Maserati Bora Tyres
- The very first 4.7 Maserati Bora cars came fitted with 215/70 WR 15 Michelin XWX front and rear.
- To improve the tramlining the 4.9 Bora of 1973-1978 fitted smaller front tyres 205/70-15 Tyres front and 215/70 R15 Tyres rear.
- With these sizes you have a choice of Michelin XWX or PIRELLI CINTURATO CN12.
- For 205/70-15 tyres we recommend the Michelin 15F Offset Valve inner tube.
- The Michelin 15/17H will be the best fitting inner tube for 215/70-15 tyres.
- Maserati Bora tyre pressures - 34psi front & 40psi rear.
- For more information have a look at this Maserati Bora Tyre pressure guide.
- Set of 2 215/70 VR 15 & 2 225/70 VR 15 Michelin XWX
Starting at £1,680.00 £1,400.00
Maserati Bora Recommended Tyres
Other Options for Maserati Bora Tyres
History of the Mazerati Bora
The Maserati Bora is a two-seater mid-engined coupe produced by Maserati from 1971 until 1978. Bora is the wind of Trieste, a city in northern Italy, and like other Maserati automobiles of the era, it is named after a wind. The Bora, the first Maserati with four-wheel independent suspension, put an end to Maserati's reputation for making fast but technologically outdated cars. The Bora was created by Italdesign's Giorgetto Giugiaro and has a drag coefficient of 0.30.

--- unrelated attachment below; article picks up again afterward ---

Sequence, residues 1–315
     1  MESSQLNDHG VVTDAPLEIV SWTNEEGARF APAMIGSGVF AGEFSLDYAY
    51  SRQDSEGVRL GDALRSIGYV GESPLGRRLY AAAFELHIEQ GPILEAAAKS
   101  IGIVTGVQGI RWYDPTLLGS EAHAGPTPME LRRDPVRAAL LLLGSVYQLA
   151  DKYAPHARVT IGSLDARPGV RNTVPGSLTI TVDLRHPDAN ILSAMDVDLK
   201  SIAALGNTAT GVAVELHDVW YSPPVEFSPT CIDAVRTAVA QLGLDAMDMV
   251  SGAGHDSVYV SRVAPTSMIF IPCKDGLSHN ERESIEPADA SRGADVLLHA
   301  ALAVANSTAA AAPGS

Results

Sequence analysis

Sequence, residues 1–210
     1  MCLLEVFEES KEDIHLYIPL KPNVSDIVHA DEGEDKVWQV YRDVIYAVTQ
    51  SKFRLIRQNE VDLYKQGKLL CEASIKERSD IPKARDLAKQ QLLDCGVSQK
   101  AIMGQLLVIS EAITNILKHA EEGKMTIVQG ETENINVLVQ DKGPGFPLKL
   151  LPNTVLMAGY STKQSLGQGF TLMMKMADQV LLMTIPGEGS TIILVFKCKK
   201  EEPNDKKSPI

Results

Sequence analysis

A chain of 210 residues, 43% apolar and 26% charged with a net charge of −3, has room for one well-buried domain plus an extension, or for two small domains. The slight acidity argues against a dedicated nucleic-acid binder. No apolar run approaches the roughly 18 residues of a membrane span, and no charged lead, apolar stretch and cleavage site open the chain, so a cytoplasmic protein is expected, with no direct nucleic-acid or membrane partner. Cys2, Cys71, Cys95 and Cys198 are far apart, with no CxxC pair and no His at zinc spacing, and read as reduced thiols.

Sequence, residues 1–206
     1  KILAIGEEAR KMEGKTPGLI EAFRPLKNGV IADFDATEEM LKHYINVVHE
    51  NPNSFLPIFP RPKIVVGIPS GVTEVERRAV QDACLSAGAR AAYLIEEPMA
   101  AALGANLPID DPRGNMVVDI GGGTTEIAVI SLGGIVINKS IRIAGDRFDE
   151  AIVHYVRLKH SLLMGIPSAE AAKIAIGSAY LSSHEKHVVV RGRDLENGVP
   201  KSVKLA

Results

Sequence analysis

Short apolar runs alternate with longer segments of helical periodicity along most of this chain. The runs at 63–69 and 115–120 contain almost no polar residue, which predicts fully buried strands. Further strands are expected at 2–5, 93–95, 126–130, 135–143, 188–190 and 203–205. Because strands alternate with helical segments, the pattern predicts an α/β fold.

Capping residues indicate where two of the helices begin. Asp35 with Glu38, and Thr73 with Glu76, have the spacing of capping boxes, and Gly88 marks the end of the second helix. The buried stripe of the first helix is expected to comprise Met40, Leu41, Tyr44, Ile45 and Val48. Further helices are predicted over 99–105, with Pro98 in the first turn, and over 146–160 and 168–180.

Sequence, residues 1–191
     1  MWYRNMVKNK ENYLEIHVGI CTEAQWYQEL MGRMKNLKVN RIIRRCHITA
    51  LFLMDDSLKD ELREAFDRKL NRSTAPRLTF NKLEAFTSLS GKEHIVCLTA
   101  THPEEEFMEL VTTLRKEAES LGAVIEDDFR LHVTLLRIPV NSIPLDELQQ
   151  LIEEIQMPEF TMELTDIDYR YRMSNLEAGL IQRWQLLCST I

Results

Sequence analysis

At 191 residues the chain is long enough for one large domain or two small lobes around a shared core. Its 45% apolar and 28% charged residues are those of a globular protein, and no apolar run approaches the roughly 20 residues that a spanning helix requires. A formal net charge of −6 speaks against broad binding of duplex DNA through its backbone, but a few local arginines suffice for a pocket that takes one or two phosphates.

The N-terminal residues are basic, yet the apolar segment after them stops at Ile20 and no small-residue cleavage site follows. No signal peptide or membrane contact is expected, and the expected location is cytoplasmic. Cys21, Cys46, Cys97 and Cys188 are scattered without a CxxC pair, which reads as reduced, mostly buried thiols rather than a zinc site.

It was civilised and practical in comparison to other supercars, with a hydraulically powered pedal cluster that could be moved forward and backwards at the touch of a button, and a moveable steering wheel to allow for a much easier entry and exit from the vehicle when compared to its contemporaries.
tackle the common issue of entering and exiting the vehicle that plagues many supercars. Most supercars have little to no foot room and little to no baggage space, but the Bora features a full-size trunk in the front and was otherwise renowned as being much more civilised in comforts than its competitors. Unlike its contemporaries, the Bora featured dual-pane glass to separate the cabin from the engine compartment, as well as a carpeted aluminium engine cap, which considerably reduced engine noise in the cabin and increased driver comfort.
Starting with the 1973 model year, two V8 engines were offered: a high-revving 4,719 cc and a greater torque 4,930 cc US smog-qualified 4.9-litre engine (a stroked version of the 4.7). Production eventually shifted to a more powerful version of the 4.9-litre engine rated at 320 horsepower at 5,500 rpm. All of these engines were derived from the legendary 450S racing engine, they were composed of aluminium alloy, and featured hemispherical combustion chambers with 16 valves in total actuated by four cams (chain-driven).